Last night, for example, I shot up in bed and proclaimed to the Brooklyn Baby Daddy that Cromwell, our cat, was glowing red with spots. As we both scrutinized Cromwell by the light of the moon, I realized that I was just dreaming/imagining it, and promptly drifted off to sleep, leaving Dave a bit dazed, to say the least.
Possibly even stranger than that, I sometimes forget where I am while in that state and assume that I'm back in my childhood bed in Kentucky, still a kid or preteen or teenager. This happened to me a few nights ago and again I shot up, panicking and scared.
Now is when this post gets a bit sci-fy, a bit Freaky Friday on you. So please, bear with me.
When I was around 16, I experienced one of the most traumatic years of my life. It's not exclusively my dirty laundry to air, but there was domestic trouble involved, a lot of yelling and instability, financial worries and a general sense of unhappiness and unease on the home front. Added to my already toiling hormones, this was not good. I gained weight (my standard response to stress, as evidenced by my current pot-belly), experienced a depression that made me look like a Cymbalta commercial, and even sort-of, kind-of, half-assedly (thank God) attempted suicide. (A stunt that landed me in the "guidance counselor's" office - the misogynist coach who needed more desk time to validate his job and told me that I'd make some man very happy one day, so I should just go ahead and live.)
I was desperately lonely, but only allowed myself to pursue romantic attractions to boys/men who were totally unavailable: my closeted gay best friend, the mopey drummer in the grunge garage band who barely noticed me, Keanu Reeves, and the like. I told myself that I was unlovable - too fat, too emotional, too bizarre to have a boyfriend. I figured that love was something I'd get later in life - when I'd lost the weight, moved away from the craziness, and "found" myself.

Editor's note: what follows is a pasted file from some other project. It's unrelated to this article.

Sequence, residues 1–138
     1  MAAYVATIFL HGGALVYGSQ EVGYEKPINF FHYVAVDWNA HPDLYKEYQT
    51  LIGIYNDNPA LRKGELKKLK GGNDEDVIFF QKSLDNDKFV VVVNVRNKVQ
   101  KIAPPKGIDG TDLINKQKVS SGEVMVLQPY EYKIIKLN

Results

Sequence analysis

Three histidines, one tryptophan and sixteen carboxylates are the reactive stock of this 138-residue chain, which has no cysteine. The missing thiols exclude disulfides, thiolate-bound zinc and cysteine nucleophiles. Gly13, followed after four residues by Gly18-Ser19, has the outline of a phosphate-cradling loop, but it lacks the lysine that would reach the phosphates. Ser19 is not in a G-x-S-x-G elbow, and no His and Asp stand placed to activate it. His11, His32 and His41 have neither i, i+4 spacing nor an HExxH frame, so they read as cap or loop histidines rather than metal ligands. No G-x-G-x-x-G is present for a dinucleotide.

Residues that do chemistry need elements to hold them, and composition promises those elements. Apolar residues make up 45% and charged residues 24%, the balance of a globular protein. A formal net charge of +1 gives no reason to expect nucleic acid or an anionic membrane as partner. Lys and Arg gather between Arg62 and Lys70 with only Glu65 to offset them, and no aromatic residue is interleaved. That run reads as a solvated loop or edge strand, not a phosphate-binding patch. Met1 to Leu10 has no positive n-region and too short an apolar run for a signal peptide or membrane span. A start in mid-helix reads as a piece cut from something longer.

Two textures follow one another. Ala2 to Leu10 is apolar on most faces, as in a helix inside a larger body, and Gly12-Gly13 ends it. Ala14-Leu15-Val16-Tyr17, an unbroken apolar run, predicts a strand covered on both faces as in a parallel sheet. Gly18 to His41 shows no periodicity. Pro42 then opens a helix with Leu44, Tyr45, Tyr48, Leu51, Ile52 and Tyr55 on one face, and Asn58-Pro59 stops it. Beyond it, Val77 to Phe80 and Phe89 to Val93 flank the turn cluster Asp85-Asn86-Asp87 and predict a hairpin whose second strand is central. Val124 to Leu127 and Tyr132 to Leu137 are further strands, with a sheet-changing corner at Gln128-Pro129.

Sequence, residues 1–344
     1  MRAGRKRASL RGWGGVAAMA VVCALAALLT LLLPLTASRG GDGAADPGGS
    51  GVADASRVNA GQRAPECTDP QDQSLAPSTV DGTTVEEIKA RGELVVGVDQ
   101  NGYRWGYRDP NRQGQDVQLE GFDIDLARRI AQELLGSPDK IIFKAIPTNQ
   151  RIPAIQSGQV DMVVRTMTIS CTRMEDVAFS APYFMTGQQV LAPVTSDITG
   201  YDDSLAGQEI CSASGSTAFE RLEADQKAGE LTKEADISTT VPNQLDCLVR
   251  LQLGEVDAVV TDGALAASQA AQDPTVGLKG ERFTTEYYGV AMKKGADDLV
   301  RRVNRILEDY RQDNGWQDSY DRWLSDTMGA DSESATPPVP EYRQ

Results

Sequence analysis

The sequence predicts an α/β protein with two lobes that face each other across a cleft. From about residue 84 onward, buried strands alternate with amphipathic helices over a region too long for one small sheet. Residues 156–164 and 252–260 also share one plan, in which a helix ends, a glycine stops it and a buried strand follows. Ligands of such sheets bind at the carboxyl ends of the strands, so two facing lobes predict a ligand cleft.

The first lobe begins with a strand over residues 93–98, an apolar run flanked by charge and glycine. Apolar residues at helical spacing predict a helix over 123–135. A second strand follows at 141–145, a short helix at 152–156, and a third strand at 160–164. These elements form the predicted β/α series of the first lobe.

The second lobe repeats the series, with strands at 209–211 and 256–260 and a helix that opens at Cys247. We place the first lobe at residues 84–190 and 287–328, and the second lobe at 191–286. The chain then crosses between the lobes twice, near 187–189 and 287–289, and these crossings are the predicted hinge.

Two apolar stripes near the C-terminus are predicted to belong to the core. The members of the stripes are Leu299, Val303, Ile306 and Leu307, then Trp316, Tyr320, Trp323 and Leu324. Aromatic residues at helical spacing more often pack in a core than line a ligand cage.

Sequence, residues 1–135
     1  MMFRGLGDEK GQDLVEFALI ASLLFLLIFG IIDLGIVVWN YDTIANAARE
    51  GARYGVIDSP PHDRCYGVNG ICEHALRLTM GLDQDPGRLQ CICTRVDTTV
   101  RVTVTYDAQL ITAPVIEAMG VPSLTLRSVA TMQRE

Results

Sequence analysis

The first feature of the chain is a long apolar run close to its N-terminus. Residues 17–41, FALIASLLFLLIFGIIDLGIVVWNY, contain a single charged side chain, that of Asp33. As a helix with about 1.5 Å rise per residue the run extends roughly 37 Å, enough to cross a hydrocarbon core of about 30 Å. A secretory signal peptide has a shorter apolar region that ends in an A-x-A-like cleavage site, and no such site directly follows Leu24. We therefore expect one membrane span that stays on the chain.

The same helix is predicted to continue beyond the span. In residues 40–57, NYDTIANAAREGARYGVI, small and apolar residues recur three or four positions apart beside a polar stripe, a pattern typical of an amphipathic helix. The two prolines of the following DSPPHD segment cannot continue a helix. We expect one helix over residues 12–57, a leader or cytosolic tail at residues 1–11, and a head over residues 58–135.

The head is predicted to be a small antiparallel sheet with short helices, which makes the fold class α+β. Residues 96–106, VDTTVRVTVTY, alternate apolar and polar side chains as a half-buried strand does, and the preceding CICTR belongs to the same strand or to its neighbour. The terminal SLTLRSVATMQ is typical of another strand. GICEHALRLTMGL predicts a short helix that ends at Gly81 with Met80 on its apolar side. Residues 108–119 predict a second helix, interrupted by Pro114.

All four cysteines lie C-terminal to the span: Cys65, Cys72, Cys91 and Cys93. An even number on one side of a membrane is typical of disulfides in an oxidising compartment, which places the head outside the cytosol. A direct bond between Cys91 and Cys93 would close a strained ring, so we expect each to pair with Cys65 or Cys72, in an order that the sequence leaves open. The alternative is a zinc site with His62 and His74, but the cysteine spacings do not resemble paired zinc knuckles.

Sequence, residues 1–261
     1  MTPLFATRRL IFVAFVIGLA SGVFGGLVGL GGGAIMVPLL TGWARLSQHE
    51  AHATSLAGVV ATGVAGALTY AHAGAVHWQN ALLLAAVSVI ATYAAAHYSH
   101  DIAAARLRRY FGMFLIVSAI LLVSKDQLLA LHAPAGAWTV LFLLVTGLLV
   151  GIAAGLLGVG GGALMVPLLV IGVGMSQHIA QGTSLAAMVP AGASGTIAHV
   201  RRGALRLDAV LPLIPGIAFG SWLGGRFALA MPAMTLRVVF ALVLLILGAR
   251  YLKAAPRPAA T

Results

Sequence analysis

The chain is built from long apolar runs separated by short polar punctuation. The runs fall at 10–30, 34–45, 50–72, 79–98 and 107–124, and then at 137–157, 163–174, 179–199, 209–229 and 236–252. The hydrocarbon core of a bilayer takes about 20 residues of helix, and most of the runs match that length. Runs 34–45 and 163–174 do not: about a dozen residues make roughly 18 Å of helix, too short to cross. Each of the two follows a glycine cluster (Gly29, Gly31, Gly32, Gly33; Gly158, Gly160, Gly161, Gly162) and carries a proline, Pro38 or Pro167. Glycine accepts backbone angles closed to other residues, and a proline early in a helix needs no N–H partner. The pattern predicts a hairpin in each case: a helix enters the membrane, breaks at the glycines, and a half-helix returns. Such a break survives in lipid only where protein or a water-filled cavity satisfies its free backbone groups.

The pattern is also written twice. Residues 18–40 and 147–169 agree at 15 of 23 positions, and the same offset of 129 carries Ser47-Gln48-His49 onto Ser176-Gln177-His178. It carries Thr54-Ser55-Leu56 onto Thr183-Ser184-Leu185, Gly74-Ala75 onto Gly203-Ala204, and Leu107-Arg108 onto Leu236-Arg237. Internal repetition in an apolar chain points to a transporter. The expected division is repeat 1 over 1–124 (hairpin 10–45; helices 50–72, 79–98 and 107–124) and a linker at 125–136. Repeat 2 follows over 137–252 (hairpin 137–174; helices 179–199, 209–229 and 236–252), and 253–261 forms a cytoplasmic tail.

In the meanwhile, I'd lie in bed and pretend (this is about to get incredibly nerdy) that I could travel into the future - just for a day, and live 24 hours in my future self's skin. I'd imagine waking up in a fluffy white bed, rolling over to face an incredibly rugged and handsome man, snoozing blissfully. I'd look down at my body, marveling at my svelte belly and flawlessly tan skin. I'd look around the room, taking in its understated, elegant, cigarette-smoke-free luxury. Then my future husband, Paul or Raoul or Xavier (or even, sometimes, David) would roll over and do things to me that I'd only ever imagined or witnessed in R-rated movies at that time. Later, we'd have a delicious breakfast with our adorable kid(s) before going off to our amazing jobs (he did something incredibly lucrative and I was a Broadway actress).
I'm ashamed to tell you how many times I resorted to this fantasy as an escape from my life.
So, the other night as I drifted off, I had this uncanny feeling that I was being pulled back to the past, that 16 year old Randi was finally succeeding in trading places with her future self. And, as nuts as this may sound, for a moment I felt that I should just go, and let her experience my current life.
She might be a bit surprised. We do not live in the lap of luxury. I am not thin, nor an actress, nor do I have an easy, stress-free life. But all my dreams came true.
I'm in love with my husband, and he's good to me. We fight, like normal couples, but we've learned (and continue to learn) how to do so effectively and respectfully. We provide for ourselves and our family with no problem, even if we aren't rich. We have the most wonderful child we could have hoped for, and our lives our filled with love and happiness.
Past Randi would be relieved, overjoyed to be in my place. She probably wouldn't want to return.
And that's the thought that occurred to me before I drifted off, a shattering fear that if I did travel back and exchange places with my former self, that I wouldn't be able to get back here. That I'd be stuck there for another 18 years, waiting to get back to the life I so treasure right now.
And that's what I need to keep in mind on days when Stella won't stop fussing from the pain of teething, when the kids at my school are loud and unruly, when Dave and I argue over who should do the dishes, when I feel stress creep on me because Kentucky has not yet presented a job for me. This life may not be perfect, but it's all I hoped for, and I wouldn't trade it for anything.